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dc.contributor.advisorKlemme, Diane
dc.contributor.advisorKlemme, Diane
dc.contributor.authorFelton, Rason V.
dc.description.abstractResearch and legislative initiatives in the United States indicate a need to produce more graduates in the field of STEM to meet a global demand. The U.S. Department of Education has launched initiatives to fill this gap through policy, funding, business and academic partnering strategies. African American women are under-represented in the field of STEM. It is critical that government and academic institutions determine how to fill this gap using a group of people that have been notably under-represented in this field. This study determined the critical incidents that influenced self-efficacy of an African American women to pursue a career in STEM. Uncovering these critical incidents can lead to business and industry filling the gap and meeting a global demand of producing more STEM graduates. The study contributes to the knowledge of this existing problem. An interview was conducted from a sample at Gateway Technical College in Racine, Wisconsin. The sample was interviewed, and the study uncovered critical incidents that influence the self-efficacy of African American women to pursue a career in STEM. The critical incidents were math self-efficacy, family and academic advising support, and future-self visualization.en_US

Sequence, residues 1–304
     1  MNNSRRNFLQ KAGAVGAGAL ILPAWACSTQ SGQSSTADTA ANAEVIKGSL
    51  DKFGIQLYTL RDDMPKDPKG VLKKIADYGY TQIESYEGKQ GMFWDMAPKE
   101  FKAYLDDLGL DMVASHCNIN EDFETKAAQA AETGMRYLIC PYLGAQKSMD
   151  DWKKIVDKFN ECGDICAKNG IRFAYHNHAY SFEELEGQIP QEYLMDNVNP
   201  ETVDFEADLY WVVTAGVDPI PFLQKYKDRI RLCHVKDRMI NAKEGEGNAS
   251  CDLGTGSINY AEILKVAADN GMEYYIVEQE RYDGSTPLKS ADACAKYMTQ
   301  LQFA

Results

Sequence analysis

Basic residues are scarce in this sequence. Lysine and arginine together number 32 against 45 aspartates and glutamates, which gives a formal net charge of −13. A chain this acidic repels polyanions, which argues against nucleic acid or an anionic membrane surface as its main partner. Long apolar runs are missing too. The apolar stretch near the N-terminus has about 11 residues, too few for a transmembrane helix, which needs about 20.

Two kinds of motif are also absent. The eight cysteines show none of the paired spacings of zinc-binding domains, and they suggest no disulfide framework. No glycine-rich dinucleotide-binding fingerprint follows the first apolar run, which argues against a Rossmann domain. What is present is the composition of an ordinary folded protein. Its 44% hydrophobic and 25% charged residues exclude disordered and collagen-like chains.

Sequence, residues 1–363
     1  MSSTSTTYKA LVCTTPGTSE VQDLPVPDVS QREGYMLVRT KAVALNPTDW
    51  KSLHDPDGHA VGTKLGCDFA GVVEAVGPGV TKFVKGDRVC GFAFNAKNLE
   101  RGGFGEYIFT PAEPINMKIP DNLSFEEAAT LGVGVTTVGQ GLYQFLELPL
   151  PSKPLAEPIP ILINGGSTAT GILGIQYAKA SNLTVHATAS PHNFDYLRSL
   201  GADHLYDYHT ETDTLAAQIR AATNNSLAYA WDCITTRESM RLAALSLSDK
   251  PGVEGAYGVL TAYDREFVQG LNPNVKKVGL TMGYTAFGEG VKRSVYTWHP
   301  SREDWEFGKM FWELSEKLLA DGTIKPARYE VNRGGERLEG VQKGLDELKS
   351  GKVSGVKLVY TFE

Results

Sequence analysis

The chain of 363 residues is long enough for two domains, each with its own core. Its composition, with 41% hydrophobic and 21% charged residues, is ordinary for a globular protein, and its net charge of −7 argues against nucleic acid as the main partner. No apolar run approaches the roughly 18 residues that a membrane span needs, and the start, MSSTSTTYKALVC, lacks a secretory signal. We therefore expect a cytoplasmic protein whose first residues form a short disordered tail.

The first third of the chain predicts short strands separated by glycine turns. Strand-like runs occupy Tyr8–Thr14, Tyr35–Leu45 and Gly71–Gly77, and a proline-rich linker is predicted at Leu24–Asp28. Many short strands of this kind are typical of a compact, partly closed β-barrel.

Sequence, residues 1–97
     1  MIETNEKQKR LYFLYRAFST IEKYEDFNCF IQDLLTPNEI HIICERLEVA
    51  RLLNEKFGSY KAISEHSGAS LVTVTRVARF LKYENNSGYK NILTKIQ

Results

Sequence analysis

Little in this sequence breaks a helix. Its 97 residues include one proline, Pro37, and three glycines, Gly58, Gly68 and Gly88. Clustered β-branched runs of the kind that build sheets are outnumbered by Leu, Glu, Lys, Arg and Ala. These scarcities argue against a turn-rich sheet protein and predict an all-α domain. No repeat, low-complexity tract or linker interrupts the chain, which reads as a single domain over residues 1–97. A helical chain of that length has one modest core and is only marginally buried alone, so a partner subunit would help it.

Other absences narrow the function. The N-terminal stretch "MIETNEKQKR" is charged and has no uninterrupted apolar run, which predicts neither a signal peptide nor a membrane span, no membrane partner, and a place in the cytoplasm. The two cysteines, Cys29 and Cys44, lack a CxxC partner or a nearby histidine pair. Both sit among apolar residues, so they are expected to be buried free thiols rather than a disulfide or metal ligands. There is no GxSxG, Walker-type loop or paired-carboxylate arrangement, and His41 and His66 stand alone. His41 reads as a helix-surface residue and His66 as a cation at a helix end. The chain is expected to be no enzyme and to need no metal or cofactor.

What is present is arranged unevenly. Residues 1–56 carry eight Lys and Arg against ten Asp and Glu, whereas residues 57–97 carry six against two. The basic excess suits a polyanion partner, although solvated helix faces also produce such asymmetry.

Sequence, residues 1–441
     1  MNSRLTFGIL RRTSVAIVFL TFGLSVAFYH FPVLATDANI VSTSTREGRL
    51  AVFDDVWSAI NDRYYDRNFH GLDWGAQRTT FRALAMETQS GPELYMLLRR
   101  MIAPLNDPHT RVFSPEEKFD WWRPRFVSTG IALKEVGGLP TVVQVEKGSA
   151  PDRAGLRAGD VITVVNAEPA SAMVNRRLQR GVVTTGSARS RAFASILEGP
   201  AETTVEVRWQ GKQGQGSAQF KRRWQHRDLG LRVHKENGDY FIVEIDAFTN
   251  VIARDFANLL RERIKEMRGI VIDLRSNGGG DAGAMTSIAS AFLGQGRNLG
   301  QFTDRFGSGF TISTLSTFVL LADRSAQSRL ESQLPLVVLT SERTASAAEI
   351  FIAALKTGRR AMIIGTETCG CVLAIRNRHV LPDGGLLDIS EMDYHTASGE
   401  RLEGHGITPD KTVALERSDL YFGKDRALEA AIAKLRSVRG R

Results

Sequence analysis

dc.publisherUniversity of Wisconsin-Stouten_US
dc.subjectAfrican American womenen_US
dc.subjectWomen in technologyen_US
dc.subjectAfrican Americansen_US
dc.titleIdentify critical incidents that influence the self-efficacy of African American women choosing STEM careersen_US
dc.typeThesisen_US & Technical Education & Technical Education

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